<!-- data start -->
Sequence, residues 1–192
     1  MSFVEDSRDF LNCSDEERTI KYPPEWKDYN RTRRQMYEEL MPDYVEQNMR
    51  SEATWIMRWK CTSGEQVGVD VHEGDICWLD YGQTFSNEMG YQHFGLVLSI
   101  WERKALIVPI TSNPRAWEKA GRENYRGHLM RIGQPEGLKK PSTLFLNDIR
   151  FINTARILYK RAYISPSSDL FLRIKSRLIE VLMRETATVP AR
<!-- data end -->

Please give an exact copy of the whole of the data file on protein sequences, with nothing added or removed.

Sequence, residues 1–192
     1  MSFVEDSRDF LNCSDEERTI KYPPEWKDYN RTRRQMYEEL MPDYVEQNMR
    51  SEATWIMRWK CTSGEQVGVD VHEGDICWLD YGQTFSNEMG YQHFGLVLSI
   101  WERKALIVPI TSNPRAWEKA GRENYRGHLM RIGQPEGLKK PSTLFLNDIR
   151  FINTARILYK RAYISPSSDL FLRIKSRLIE VLMRETATVP AR